AFTENPOSTEN: The Iranian president is between two fires
Oslo's Aftenposten says editorially that President Khatami is caught by both economic and political travails. The newspaper says: "The Iranian president is between two fires. The plummet of oil prices on the world markets and the murder of several opposition writers in Iran may seem unrelated events. But both pose a threat to (Khatami's) relatively moderate policy to liberalize Iranian society."
The editorial says: "In Iran, there is a power struggle between the conservative Islamist priesthood and president Khatami. So far, Khatami has a lead, but the combination of the worsening economic situation and the civil violence may be the greatest peril for Khatami."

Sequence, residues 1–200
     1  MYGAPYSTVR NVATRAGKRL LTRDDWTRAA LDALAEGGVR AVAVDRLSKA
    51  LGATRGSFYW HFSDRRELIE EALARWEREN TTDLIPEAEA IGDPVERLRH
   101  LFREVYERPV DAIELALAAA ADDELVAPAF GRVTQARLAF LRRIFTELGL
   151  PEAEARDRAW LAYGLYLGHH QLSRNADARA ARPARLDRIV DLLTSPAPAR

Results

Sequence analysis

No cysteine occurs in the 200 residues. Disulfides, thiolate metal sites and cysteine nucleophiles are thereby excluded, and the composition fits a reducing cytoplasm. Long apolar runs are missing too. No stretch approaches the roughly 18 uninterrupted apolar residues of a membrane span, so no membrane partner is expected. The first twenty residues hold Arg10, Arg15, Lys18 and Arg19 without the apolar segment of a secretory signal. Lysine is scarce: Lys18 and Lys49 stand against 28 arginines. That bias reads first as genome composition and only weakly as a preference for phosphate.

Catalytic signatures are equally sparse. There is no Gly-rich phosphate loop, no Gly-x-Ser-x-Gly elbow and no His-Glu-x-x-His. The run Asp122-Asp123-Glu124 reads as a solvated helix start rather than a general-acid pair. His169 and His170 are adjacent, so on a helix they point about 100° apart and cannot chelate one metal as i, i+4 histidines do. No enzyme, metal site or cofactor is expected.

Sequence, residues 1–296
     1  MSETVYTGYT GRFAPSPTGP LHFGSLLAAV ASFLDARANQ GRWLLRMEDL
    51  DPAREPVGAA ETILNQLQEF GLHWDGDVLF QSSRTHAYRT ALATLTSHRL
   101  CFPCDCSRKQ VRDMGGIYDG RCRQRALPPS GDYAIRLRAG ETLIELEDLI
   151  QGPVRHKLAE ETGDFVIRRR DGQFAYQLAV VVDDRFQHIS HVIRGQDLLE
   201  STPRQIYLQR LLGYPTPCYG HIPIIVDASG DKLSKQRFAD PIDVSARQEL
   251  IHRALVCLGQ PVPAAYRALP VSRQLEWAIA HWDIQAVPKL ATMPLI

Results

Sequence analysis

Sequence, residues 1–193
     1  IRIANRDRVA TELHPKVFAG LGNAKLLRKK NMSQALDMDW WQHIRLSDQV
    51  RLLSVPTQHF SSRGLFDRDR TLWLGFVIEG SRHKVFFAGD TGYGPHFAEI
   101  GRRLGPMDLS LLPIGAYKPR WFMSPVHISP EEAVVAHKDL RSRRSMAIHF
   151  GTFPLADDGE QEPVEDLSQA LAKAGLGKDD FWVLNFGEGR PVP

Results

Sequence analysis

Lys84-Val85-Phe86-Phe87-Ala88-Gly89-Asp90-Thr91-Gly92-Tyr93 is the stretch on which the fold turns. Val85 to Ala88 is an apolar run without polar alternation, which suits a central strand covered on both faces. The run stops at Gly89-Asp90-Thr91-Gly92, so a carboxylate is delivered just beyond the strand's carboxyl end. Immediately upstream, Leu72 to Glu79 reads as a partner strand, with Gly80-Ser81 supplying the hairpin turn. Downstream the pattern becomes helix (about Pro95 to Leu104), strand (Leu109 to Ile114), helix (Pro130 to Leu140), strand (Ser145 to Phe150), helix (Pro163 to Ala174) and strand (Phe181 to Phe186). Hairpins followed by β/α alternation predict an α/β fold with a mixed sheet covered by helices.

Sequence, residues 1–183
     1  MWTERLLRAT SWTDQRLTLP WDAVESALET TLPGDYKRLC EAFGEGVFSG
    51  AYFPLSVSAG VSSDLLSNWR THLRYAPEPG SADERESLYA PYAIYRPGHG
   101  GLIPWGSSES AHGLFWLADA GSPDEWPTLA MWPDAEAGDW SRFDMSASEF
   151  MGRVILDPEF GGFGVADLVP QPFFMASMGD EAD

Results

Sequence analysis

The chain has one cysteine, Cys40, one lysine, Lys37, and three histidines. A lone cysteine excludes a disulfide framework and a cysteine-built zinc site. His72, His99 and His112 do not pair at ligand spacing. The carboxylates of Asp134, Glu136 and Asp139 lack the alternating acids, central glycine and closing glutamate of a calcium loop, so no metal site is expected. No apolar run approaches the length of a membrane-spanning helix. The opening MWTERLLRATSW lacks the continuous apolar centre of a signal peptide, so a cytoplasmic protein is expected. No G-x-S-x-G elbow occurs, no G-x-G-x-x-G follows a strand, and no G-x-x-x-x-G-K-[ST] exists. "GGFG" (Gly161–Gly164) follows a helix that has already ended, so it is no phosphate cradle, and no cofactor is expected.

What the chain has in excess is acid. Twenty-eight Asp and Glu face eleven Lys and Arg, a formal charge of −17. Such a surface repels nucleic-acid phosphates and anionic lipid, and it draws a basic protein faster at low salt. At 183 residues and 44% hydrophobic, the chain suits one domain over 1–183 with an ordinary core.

LE MONDE: The conservative group itself created a climate of hatred
In the French newspaper Le Monde, Mouna Naim writes that Iranian conservatives have criticized intellectuals for several years. Now, she says, the same conservatives claim to perceive a series of murders of intellectuals as the work of some foreign influence and of "enemies of the state."
Naim comments: "This group did not see things that way during the past years, when it made the intellectuals and writers targets of terrorism. The (conservative) group itself created a climate of hatred for the 'liberals,' giving the green light to a chase against anyone who thought differently." She writes that "Already in 1996, a weekly television series showed the lay intellectuals and liberals as agents of the West, determined to 'contaminate' the purity of the Islamic values."